The P30 doesn’t have the sheer simplicity of the Flip either. The Flip has just a single button for recording video clips and two additional buttons for playing and deleting clips. In contrast, the P30 has a much more complicated set of controls, and using them involved reading the PDF manual closely in order to figure out what they all do and the meaning of the various symbols displayed on the LCD screen.
Breaking point: the display's hinge appears somewhat fragile
To be fair, the more complicated controls are partly a reflection of the fact that the P30 has a wider range of features than the Flip – such as video image stabilisation, macro mode and a still-photo shooting mode. However, its controls could still be a bit better organised and more intuitive to use. For instance, there’s a button that can be used to change the video resolution, but this button only allows you to switch between 1080p and 848 x 480 (WVGA).
If you want to select a different resolution, such as 720p, you have to press a different button to activate the on-screen menu system and then navigate through to the appropriate sub-menu. There’s no reason why you shouldn’t be able to cycle through the available resolutions using a single button, as is the case with Kodak’s Zi6 camcorder, for instance.
But while the P30 could be a bit more intuitive to use, we were generally quite impressed by the quality of the video clips we recorded. It may not be true Full HD, but the P30’s 1440 x 1080 resolution is definitely sharper than the 720p of models such as the Flip Mino HD and Kodak Zi6. It has a slight tendency to over-saturate large areas of bright colour – such as the flowerbeds in our local park – but we were still pleased with the overall image quality.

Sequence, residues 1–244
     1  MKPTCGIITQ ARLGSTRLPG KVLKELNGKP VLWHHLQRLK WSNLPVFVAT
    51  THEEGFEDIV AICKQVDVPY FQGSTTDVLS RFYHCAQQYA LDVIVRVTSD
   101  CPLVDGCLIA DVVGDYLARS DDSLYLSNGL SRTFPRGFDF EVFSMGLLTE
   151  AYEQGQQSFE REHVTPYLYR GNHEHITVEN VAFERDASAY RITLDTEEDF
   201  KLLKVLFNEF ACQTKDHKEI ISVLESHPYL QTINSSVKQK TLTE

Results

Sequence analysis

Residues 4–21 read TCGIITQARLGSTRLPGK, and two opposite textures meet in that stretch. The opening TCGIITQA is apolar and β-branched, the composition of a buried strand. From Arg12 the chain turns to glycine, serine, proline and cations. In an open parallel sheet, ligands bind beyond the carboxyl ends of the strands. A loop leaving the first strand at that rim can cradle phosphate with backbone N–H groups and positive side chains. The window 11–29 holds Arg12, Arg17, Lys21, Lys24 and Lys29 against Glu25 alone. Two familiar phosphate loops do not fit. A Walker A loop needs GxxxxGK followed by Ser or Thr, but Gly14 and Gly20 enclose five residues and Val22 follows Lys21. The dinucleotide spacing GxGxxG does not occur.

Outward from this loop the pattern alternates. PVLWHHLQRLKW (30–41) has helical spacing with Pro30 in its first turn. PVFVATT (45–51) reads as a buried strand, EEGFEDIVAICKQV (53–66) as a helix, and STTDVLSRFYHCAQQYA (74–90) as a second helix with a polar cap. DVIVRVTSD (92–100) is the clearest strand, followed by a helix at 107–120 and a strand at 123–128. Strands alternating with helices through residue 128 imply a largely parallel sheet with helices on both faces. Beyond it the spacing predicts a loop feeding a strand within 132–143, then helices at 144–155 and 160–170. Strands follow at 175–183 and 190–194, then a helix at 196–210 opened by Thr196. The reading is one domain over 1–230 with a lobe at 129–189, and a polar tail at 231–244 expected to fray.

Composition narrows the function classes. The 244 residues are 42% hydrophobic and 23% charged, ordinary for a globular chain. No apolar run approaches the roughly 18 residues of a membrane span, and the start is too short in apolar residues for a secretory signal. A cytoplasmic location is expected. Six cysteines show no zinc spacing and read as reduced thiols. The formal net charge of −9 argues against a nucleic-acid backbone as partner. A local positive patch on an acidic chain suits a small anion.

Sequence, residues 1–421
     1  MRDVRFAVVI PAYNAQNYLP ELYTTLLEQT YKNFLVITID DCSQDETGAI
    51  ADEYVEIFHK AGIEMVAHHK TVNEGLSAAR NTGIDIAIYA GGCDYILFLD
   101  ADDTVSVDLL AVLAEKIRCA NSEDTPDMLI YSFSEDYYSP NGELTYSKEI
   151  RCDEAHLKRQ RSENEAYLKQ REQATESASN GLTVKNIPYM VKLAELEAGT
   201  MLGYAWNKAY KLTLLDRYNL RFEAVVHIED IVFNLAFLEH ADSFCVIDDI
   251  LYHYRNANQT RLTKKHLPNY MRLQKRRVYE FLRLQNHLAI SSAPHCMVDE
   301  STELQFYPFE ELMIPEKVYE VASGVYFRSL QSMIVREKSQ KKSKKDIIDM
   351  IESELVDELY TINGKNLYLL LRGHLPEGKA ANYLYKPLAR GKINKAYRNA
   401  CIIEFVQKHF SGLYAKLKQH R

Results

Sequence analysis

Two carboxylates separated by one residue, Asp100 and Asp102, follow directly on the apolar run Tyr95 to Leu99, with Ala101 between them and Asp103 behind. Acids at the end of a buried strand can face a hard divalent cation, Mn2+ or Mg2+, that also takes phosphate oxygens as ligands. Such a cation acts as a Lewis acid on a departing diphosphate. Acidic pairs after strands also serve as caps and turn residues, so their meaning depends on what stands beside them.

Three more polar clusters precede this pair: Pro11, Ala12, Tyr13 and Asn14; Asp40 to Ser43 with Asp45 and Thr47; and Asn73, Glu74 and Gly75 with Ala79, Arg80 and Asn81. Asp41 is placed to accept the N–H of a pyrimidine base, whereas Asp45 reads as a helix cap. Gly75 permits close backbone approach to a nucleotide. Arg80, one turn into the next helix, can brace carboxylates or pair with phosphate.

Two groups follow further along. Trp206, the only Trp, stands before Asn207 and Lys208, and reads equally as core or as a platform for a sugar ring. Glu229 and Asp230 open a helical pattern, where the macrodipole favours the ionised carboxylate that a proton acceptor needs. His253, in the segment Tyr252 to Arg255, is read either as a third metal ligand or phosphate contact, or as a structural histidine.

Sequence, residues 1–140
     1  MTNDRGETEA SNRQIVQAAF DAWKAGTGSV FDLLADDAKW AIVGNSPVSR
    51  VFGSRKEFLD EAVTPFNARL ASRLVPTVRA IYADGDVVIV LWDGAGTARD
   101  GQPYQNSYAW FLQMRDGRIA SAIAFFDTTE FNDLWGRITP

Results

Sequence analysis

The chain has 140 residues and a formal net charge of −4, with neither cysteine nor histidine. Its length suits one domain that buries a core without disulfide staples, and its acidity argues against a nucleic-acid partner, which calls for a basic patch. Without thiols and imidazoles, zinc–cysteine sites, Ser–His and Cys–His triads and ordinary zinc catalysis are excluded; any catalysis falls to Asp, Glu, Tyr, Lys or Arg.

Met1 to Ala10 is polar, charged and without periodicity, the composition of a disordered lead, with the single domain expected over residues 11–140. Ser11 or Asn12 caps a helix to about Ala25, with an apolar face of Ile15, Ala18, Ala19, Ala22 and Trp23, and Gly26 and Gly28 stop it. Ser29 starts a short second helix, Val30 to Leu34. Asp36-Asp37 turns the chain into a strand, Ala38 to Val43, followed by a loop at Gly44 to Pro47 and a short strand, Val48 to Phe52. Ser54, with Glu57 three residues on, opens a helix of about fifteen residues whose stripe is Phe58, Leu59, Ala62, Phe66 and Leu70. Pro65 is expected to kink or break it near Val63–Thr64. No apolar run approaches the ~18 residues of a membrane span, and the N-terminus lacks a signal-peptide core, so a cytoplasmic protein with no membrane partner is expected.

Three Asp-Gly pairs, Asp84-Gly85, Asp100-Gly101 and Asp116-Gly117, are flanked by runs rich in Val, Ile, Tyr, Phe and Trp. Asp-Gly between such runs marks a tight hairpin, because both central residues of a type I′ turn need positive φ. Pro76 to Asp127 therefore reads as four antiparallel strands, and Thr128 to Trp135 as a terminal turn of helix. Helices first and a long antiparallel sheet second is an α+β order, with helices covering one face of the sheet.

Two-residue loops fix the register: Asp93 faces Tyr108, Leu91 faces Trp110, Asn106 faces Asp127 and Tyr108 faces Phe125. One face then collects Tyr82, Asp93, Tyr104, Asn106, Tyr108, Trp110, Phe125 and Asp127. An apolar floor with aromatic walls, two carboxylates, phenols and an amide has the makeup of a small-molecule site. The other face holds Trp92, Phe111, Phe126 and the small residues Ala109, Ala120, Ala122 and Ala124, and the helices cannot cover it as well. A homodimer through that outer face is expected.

The optical zoom is clear and sharp, and the macro mode works well too – though it did reveal some rather disturbing facts about the state of our iMac’s keyboard. When left on its ‘auto’ setting, the P30 generally does a good job of adjusting focus and exposure to get good results, but you also have the option of selecting specific settings from the on-screen menu if you want to.
You can manually adjust the exposure and white balance - it would be a good idea if Toshiba’s manual explained the meaning of settings such as ‘+ 0.3 EV’ for less experienced users - or select settings for different lighting conditions. There’s a little light on the front of the unit that can be turned on if you’re running around in the dark shooting your own version of The Blair Witch Project. Alternatively, for less mobile shooting, the P30 has a tripod socket on the base of its handle, and Toshiba even includes a mini-tripod in the box.
We do have a few small complaints, though. We were disappointed to see that the image stabilisation option only works at 720p or lower resolutions, and even then we didn’t feel that it made a noticeable difference to the smoothness of the video. The little microphone that is situated on the back of the viewfinder screen is also a little underpowered. It picks up a reasonable amount of audio detail, but the audio playback sounds a bit thin.
Compact yet versatile, with a decent range of manual controls
If all you want is an easy-to-use camcorder for shooting quick YouTube video clips then the ‘point and shoot’ simplicity and slightly more solid construction of the Flip is still hard to beat. However, if you’re a little more ambitious than that, and you want a lightweight camcorder that can shoot longer clips for editing into a proper movie project, then you’ll definitely prefer the superior quality and versatility of the Camileo P30. ®